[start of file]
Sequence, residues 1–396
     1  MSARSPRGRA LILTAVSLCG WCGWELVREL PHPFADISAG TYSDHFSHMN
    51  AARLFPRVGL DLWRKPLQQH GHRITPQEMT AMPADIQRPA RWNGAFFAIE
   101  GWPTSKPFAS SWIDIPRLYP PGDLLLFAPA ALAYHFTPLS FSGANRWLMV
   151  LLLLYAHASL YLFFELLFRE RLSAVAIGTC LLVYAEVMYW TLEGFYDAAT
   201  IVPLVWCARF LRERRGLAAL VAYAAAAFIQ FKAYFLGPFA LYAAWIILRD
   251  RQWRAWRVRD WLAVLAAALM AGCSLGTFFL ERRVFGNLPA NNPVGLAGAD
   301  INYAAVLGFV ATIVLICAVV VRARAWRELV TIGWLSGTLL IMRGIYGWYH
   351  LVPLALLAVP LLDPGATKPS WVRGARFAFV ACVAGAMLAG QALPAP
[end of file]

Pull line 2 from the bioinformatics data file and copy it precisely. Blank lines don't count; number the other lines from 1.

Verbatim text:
     1  MSARSPRGRA LILTAVSLCG WCGWELVREL PHPFADISAG TYSDHFSHMN